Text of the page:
Negative TIPS Yields

Negative TIPS rates can have many affects on the strength of the dollar
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Beginning in late 2010, Treasury Inflation Protected Securities (TIPS) began trading with a negative yield. Investors were paying the government twice per year for the privilege of holding its debt rather than receiving their bi-annual interest payments.

Here's why that happened—on July 17, 2012, the 5-year TIPS had a yield of -1.21%; the 10-year stood at -0.64%; the 20-year at -0.01%; only the 30-year had a positive yield of 0.37%.

Learn how TIPS can have negative yields and real returns and why investors still flock to these securities.

How TIPS Can Have Negative Yields

The answer is that the yield on a TIPS bond is equal to the Treasury bond yield minus the expected inflation rate. This is an essential characteristic of TIPS–they are designed that way. As a result, when standard Treasury bonds are trading at yields below the expected inflation rate—as has been the case since late 2010—TIPS yields fall into negative territory.

Let’s look at July 17, 2012, again as an example. On that day, the 10-year Treasury note was yielding 1.53%. However, based on TIPS' comparative yields versus plain-vanilla Treasuries, investors were expecting inflation of about 2.13% in the next decade.

As long as Treasuries continue to offer yields below the expected inflation rate, TIPS will remain in negative territory.

If you subtract the expected inflation rate of 2.13% from the 10-year yield of 1.53%, the result is for the 10-year TIPS is -0.59%. Investors still purchased Treasuries at this yield. But why would investors accept an investment that charges them money instead of giving it to them?

Negative Real Returns in Treasuries

There seems to be no rational explanation for an investor putting money into an investment that doesn't pay interest but charges them for holding their money. In reality, this can happen with ordinary "plain vanilla" treasuries as well.

To demonstrate, if you purchased a Treasury note that pays 2% interest to maturity and the average inflation rate over the period is 2.5%, your real return is a -0.5%. The difference in the negative yields in ordinary treasuries and TIPS is that the negative yield is different because of the way TIPS are tied to the Consumer Price Index.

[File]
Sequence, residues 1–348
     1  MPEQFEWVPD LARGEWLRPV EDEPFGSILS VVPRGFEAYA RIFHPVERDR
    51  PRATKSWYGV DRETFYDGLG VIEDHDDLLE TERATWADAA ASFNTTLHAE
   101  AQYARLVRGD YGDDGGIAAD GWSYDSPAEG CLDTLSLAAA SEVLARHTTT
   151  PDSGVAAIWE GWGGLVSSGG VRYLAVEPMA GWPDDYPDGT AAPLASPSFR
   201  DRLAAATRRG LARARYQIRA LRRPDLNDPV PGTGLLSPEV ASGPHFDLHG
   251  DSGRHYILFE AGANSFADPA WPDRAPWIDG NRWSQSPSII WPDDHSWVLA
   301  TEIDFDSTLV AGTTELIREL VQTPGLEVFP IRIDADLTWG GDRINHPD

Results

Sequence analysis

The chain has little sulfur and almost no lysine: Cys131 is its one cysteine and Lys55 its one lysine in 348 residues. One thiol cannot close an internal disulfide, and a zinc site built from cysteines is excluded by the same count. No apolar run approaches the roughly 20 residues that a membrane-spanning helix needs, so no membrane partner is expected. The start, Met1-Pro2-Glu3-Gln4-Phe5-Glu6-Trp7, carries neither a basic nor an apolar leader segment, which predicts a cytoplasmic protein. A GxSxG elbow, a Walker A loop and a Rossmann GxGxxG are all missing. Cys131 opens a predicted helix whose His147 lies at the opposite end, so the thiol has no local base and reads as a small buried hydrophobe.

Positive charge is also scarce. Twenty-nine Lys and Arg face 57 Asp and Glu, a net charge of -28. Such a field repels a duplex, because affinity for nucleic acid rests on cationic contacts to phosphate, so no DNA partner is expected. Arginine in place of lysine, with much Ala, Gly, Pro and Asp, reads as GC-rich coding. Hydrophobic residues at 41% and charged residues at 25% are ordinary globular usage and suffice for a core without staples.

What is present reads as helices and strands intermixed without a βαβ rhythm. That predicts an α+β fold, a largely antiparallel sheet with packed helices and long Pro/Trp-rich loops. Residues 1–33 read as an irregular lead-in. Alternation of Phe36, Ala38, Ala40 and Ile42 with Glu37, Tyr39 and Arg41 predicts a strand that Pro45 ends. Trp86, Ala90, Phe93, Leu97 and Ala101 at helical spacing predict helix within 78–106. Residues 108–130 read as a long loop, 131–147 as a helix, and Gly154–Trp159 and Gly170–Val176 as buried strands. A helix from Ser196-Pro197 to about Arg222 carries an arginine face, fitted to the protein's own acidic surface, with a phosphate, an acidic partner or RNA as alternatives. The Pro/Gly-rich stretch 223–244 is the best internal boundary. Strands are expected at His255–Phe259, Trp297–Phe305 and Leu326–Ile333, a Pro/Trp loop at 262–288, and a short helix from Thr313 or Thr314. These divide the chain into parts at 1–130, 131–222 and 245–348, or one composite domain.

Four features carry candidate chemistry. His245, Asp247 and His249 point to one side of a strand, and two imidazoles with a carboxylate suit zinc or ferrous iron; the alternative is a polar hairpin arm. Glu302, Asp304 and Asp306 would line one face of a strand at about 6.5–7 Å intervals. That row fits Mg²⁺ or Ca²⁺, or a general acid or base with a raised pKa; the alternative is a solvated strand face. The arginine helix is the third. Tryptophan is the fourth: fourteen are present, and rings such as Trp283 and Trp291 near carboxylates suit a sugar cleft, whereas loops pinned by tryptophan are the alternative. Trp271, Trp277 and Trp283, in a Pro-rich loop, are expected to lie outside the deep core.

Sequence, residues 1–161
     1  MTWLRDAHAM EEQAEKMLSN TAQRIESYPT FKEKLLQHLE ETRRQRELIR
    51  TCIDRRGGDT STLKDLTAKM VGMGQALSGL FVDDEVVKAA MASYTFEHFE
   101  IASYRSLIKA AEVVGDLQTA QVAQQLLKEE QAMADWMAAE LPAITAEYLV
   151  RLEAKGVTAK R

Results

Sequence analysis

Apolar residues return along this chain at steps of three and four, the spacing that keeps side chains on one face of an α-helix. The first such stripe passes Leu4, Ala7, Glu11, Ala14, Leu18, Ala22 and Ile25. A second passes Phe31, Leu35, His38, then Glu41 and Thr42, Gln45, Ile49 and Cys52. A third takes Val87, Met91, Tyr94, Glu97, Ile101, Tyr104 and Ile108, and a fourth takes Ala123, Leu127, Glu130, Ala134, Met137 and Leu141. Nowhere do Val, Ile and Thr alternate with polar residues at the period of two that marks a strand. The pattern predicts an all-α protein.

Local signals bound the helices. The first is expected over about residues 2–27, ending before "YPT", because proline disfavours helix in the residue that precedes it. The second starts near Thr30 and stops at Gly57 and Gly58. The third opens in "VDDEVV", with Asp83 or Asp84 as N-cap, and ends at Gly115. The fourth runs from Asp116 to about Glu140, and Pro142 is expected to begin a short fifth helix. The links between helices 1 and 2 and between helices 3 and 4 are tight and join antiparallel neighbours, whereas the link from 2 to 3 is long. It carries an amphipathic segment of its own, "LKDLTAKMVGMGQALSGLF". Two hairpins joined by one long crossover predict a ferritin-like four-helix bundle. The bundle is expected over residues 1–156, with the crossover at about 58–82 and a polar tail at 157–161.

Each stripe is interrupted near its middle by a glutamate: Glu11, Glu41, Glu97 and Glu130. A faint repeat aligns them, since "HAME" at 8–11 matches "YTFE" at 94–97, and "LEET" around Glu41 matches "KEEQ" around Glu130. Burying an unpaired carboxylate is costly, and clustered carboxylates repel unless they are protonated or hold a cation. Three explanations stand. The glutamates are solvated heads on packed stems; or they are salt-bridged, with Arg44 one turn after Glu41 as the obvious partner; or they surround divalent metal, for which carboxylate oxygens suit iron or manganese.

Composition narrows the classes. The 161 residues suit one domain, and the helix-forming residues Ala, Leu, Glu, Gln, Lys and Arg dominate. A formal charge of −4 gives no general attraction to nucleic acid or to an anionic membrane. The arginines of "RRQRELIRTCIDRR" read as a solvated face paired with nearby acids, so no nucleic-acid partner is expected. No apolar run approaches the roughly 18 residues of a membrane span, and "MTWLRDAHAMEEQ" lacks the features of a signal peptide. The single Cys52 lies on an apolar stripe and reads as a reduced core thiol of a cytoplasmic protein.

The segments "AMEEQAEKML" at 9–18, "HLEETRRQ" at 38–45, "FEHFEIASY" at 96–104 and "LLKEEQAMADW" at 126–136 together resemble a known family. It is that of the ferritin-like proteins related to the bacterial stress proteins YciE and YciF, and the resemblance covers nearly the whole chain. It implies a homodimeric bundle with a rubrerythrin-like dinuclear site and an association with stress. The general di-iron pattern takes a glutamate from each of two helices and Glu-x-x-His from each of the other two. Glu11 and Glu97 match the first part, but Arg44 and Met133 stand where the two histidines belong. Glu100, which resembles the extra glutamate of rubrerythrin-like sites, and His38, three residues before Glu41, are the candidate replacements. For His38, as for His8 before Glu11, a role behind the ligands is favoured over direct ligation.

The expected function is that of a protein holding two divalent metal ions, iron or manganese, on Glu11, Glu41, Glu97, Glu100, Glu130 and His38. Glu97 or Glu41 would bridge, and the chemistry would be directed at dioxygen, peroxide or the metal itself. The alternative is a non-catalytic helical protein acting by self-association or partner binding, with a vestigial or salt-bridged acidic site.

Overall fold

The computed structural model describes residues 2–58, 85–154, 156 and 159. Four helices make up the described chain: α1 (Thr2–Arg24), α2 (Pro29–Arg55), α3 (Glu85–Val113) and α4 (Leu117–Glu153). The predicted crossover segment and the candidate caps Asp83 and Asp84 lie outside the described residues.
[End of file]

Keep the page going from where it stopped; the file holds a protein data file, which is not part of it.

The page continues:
Negative Yields and "the Flight to Safety"

A phenomenon known as "the flight to safety" or "the flight to quality" explains why investors sometimes accept negative TIPS or any other treasury yields. In times of pronounced economic uncertainty, investors' fear of losing their investments often overcomes their desire for acceptable returns.

Investors accept negative yields to protect their investments. While they might lose some money in the process, the amount of loss is far less than if they left their investments in stocks during a recession.

For example, in troubled low-interest-rate environments, although high-yield bonds may be the only bond products offering positive yields, investors generally shy away from them because of the (accurately) perceived greater risk.

This explains why junk bonds tend to offer comparatively higher yields over other bonds in troubled times—investors need a powerful inducement to risk their money when other investments generally seem riskier than usual.

For a similar reason, investment-grade bonds and Treasuries, in particular, tend to offer particularly low-interest rates in troubled times. Because the demand for the safest possible products increases in down-swinging economies, the offerors can reduce their interest rate incentives even further than usual.

This is because they know that plenty of investors will take them anyway—the flight to safety phenomenon. Another valid way of looking at this is that it's the result of the supply vs. demand phenomenon. 

For example, investors’ quest for safe investments amid concerns about the debt crisis in Europe that accelerated in 2009 drove the yield on plain-vanilla Treasuries below the inflation rate.

Financial safety becomes such a high priority that investors are willing to accept a negative real (after inflation) return on all Treasuries, not just TIPS, in exchange for the guaranteed return of principal that Treasuries have.

Why Investors Accept TIPS With Negative Yields 

Investors continue to purchase TIPS with negative yields because they are concerned about losing the principal on their investments. Bad economic times are hard on stocks, so paying interest is less costly than losing everything.

Additionally, many investors assume that the Federal Reserve’s monetary policies in troubled economic times will eventually cause inflation to accelerate. If inflation accelerates, investors will once again earn a positive return on TIPS because TIPS’ principal adjusts upwards with inflation.

Ultimately, this upward adjustment to counter inflation will provide the strong price performance that has characterized TIPS in the past.